Music

“Under Real Threat”: Festivals Plead With Berejiklian To Rethink Disastrous Regulations

An industry coalition has asked to meet with the Premier urgently over new regulations.

Gladys Berejiklian pill testing

The NSW Government’s proposed festival regulations, due to drop on March 1, aren’t just actively illogical — they’re genuinely harmful to the industry.

Based on a self-assessment matrix that the government may or may not actually endorse and interim guidelines that have not been shaped with the assistance of festival organisers (or even been made wholly available to them), the regulations have already had a disastrous effect on NSW’s cultural life.

Festivals have been cancelled, and others have been left at serious risk — all while Gladys Berejiklian and her government have attempted to wash their hands of the entire thing.

Now, a group of key festival organisers have banded together in an urgent bid to force the Berejiklian government to rethink the disastrous measures.

The Australian Festival Association (AFA), in association with Live Performance Australia, Music NSW, APRA AMCOS and the Live Music Office are seeking to make enough noise to force Berejiklian and her government to delay the measures.

They’re also looking for the government to undertake a Regulatory Impact Statement, one that would see them evaluate and perhaps finally appreciate the impact that festivals in the state have financially and culturally.

And, finally, they want to make sure that members of the NSW government organise their incoherent thoughts on emergency service costs so that they’re consistent, fair, and handed down in enough time for festivals to factor them into their already expanding budgets.

“We are all strongly committed to the safety at our events,” a statement from the coalition reads. “We are eager to work with the government on implementing sensible and effective measures developed through a proper consultation process.”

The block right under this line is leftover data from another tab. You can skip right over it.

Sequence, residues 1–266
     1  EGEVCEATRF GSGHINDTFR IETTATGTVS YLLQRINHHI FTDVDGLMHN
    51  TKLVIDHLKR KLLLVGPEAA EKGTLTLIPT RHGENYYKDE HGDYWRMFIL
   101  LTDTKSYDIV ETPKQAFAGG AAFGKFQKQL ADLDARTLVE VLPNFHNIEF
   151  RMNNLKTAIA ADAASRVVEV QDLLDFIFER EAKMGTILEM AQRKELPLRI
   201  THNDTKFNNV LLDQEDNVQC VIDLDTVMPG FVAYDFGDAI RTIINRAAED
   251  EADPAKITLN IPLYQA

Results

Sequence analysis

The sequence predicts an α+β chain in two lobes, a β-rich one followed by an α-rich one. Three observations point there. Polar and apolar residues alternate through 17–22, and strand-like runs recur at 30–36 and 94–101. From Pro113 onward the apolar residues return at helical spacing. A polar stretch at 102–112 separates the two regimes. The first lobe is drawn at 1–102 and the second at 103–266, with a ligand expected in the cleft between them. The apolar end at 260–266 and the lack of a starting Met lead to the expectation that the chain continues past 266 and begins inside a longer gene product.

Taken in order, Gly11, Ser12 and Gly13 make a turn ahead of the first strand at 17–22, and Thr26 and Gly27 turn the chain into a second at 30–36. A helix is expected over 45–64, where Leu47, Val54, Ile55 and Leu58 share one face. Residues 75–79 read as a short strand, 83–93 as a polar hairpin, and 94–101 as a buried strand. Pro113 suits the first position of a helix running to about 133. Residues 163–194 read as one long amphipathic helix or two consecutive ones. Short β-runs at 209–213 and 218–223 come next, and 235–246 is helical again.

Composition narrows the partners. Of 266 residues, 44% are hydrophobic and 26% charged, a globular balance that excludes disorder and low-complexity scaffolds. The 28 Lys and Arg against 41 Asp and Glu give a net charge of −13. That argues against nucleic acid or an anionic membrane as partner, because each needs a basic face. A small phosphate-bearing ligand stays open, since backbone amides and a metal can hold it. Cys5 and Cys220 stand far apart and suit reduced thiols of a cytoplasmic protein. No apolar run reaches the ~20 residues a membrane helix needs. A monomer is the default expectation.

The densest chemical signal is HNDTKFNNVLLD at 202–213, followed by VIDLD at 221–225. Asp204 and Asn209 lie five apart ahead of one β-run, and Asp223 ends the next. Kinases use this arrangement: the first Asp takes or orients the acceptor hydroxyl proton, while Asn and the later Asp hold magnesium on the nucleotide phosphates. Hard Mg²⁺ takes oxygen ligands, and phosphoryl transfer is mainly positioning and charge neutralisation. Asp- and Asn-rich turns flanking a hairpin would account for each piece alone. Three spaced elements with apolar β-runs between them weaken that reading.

Whether or not the Berejiklian government finally listen to the whims of the people, festival organisers and the music industry at large remains to be seen.

In a statement provided to Junkee, the office of the Premier reiterated that they consider music festivals to be an important addition to the state.

“Music festivals are an important part of NSW’s music scene and the economy – and the NSW Government wants them to continue to thrive,” the statement reads. “We just want them to be safe.

“The Government will continue to meet with festival operators to fine-tune the new licencing scheme to ensure we get the balance right between great entertainment and ensuring improved safety for festival goers.”

Whether that’s an actual statement of intent, or just weasel words designed to sweep the issue under the rug, remains to be seen.

NSW Labor, meanwhile, have thrown their support behind the AFA’s call for further consultation. “These are rushed and panicked changes,” the Shadow Minister for Music, John Graham, wrote in a statement to Music Junkee.

“The Australian music industry is now saying their implementation will put events and live music at risk in NSW. These are important issues. Labor wants to see a genuine dialogue with industry so that we are confident that the regulatory regime will actually work.”